Saw this press release cross the wires this afternoon, from a small OTC firm specializing in bulk non-performing loan acquisitions:
Oxford Funding has recently been given authority to bid directly with a top tier mortgage lender to purchase under performing subprime residential and commercial loans. Oxford Funding Corporation buys under performing subprime loans at significant discounts, and then rehabilitates them for sale at substantial margins. â€œThe subprime meltdown presents a historic opportunity for Oxford Funding to buy deeply discounted mortgage portfolios for rehabilitation and resell them at full face value,â€? stated Mr. William Carmichael, Director of Corporate Relations. â€œThe ability for Oxford to deal directly with national lenders is a major coup,â€? Robert Dunn, President explained. â€œHaving this ability reduces the fees and add-ons presented by third party brokers and ensures we’re buying great loan portfolios at the best price.â€? Typically, asset recovery corporations like Oxford purchase under performing loan portfolios through third parties and brokers who reduce the profit margins by adding service, maintenance and handing fees. By contrast Oxford negotiates directly with the owners of the securities.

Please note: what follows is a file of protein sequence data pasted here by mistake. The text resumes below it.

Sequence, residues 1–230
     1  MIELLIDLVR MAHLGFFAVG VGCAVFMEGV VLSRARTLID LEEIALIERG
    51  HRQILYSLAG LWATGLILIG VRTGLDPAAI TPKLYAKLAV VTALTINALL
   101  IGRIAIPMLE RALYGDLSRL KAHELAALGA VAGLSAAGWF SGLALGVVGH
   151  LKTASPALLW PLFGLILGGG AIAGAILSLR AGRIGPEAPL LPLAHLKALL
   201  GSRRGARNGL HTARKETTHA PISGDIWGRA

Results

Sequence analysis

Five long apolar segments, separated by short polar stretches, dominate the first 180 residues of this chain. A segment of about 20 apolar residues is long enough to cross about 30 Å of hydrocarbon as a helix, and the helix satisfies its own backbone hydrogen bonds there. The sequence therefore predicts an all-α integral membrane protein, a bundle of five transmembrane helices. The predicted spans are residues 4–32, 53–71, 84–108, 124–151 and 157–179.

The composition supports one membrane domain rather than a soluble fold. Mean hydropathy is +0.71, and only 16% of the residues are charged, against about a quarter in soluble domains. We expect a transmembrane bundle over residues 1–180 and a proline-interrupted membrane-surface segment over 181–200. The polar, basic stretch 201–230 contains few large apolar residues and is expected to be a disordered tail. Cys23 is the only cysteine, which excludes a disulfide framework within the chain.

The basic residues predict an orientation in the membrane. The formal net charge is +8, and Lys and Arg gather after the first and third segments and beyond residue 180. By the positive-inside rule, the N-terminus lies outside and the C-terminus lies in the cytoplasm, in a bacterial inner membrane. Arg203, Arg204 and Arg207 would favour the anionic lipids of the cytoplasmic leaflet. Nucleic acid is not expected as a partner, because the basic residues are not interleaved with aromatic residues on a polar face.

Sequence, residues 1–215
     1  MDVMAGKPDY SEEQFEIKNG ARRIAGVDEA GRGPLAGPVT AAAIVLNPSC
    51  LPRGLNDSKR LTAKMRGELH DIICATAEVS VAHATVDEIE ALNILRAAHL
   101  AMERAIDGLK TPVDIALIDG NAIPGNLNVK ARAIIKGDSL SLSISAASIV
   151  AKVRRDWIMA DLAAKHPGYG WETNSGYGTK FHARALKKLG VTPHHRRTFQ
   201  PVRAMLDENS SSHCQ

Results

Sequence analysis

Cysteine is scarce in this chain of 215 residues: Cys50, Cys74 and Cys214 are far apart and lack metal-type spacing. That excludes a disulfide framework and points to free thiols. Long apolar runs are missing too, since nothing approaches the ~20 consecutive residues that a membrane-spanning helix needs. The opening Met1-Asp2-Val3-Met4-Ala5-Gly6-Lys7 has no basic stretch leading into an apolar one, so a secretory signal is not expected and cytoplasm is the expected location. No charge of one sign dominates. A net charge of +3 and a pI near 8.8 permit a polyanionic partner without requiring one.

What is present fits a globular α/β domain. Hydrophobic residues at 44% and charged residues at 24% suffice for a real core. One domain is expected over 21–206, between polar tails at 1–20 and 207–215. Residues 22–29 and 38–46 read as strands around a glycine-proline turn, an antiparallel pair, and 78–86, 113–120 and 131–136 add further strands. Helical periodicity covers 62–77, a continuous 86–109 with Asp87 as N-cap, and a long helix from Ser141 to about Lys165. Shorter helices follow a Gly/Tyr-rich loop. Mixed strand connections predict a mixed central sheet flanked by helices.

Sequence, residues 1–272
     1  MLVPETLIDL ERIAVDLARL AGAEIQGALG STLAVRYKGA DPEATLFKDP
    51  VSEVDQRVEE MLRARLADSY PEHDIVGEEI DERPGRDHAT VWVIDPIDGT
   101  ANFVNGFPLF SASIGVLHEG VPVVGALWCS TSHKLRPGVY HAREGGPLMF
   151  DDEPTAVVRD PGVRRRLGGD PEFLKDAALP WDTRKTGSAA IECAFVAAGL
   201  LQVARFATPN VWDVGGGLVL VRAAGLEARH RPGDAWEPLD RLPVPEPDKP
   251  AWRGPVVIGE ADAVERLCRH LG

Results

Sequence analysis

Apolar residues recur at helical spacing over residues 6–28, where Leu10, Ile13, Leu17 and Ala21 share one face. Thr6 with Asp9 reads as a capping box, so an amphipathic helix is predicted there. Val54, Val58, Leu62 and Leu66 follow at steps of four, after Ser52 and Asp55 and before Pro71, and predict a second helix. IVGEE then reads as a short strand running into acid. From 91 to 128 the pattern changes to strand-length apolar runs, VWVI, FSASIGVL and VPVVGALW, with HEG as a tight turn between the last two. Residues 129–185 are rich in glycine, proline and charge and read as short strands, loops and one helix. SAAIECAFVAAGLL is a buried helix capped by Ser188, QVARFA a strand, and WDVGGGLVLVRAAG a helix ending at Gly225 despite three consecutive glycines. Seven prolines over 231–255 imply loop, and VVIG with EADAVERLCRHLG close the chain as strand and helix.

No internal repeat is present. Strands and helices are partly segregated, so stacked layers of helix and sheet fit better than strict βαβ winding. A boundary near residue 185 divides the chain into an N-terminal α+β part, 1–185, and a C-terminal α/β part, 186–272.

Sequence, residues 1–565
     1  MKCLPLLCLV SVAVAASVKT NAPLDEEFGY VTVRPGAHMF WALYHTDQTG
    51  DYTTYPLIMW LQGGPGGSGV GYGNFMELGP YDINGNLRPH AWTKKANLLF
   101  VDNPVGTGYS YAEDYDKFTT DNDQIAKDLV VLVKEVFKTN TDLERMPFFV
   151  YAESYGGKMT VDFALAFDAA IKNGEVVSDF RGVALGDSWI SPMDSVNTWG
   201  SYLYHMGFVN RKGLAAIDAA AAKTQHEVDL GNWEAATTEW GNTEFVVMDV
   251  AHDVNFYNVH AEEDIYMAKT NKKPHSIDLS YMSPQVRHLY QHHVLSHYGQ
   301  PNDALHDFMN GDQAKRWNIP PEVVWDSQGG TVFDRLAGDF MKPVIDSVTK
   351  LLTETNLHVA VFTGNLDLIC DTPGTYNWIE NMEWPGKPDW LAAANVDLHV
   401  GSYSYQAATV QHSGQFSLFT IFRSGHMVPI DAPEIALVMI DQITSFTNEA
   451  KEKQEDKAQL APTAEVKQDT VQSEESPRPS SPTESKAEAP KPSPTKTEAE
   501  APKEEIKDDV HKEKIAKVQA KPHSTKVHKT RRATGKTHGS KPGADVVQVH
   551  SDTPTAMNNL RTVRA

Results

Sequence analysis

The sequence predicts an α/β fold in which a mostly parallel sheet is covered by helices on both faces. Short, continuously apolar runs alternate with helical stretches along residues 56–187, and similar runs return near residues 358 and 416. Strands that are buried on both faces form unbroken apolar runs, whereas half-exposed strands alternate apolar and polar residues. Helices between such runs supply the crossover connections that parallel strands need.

Got to love the claim that they “buy discounted” and sell “at full face value.” Guess it depends on what sort of rehab rate your expect and what your definition of “full face value” is, but I can tell HW readers that Oxford isn’t the only NPL acquisition specialist that sees opportunity in the current subprime crash to acquire assets at huge discounts. What I haven’t seen yet — somewhat surprisingly to me — is a move by the large consumer distressed debt purchasers to start trading in distressed mortgages. If this is the ‘historic opportunity’ some paint it to be, I have to think you’d see the big boys from consumer credit decide to roll the dice.